Something's got to give here. It's getting silly. Democracy needs an Opposition. pic.twitter.com/R5VAJ8tF8m
— Glen O'Hara (@gsoh31) November 23, 2016
Britain needs an opposition far better than Labour is providing
It’s been a day dominated by Philip Hammond’s first big event as Chancellor, the autumn statement. The big political points were the increasing size of the projected deficit and the likely impact of BREXIT.
At the budget in the spring the former is that the first response comes from the leader of the opposition. At the autumn statement, which is now being abolished, it’s slightly different with the shadow chancellor, John McDonnell, being the first to respond. This is a tricky one because he has little time to analyse and reflect and then he is on his feet.
He was heard in almost silence by his own MPs. The Telegraph declared “John McDonnell reacted to the Autumn Statement like he was hungover. Thank God it’s being abolished”.
In fact the only assertion from McDonnell that got any response was when he said “..inconclusion”,
The Spectator’s Isabel Hardman hit the nail on the head with this:-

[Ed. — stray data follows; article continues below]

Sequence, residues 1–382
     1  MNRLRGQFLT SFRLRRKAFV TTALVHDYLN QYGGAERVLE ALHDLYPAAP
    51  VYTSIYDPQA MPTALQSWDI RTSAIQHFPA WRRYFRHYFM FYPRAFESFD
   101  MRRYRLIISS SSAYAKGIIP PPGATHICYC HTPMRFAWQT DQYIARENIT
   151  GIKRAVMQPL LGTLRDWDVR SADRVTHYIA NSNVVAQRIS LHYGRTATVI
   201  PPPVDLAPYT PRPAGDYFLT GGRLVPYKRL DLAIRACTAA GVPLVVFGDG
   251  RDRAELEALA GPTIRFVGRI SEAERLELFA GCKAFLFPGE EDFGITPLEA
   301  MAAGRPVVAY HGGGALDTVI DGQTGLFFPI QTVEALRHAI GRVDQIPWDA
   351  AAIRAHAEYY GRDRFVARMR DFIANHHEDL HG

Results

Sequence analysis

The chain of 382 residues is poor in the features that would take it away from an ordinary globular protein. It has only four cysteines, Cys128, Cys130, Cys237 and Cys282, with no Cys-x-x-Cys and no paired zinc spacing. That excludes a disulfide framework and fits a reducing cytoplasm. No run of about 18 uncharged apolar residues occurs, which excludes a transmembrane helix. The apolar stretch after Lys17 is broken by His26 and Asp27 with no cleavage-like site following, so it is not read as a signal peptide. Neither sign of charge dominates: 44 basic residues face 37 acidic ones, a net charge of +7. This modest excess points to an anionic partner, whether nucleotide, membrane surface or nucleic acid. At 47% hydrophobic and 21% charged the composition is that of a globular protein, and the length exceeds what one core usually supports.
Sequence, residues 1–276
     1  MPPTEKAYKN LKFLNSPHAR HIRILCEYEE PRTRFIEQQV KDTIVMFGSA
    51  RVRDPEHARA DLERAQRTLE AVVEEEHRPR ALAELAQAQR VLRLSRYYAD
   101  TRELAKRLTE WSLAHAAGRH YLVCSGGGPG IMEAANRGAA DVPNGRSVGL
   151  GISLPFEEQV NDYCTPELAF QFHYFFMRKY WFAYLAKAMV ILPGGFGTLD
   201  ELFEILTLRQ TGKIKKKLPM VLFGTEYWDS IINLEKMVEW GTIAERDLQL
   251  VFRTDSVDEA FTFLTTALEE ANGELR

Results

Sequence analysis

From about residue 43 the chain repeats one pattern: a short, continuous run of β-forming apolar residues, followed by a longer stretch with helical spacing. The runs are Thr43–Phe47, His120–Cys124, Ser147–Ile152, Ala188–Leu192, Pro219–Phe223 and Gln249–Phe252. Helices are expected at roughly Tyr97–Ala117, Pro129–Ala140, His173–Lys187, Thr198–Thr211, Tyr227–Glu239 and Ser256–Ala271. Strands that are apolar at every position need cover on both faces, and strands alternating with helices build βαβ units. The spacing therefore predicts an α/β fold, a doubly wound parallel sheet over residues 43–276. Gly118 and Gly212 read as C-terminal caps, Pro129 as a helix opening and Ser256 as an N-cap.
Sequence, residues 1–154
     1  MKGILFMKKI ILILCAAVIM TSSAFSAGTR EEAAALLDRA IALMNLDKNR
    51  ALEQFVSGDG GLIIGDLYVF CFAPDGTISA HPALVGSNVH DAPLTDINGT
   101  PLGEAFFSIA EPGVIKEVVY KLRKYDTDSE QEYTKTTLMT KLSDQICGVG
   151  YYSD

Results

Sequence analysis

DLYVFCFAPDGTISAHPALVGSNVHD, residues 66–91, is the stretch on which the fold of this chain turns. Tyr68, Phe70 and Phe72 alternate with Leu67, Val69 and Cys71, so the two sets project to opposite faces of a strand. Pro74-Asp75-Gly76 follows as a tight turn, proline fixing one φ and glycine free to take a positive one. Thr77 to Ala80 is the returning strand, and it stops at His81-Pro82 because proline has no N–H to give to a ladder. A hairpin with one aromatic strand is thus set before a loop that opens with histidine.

“..Labour has become rather irrelevant, particularly in a Commons context. Its position in the polls is the main reason ministers don’t fear probing from shadow ministers so much, but the lack of seriousness with which Corbyn and McDonnell treat parliament in general has also diminished the party’s scrutinising force. This force is then further diminished by the lack of seriousness with which most Labour MPs treat their party’s leadership: moderate backbenchers have been focusing on their own scrutiny strategy rather than on trying to help McDonnell with his…”
It is hard to see anything changing until there’s a new leadership and that’s not likely to happen this side of the general election.
Lucky Theresa May.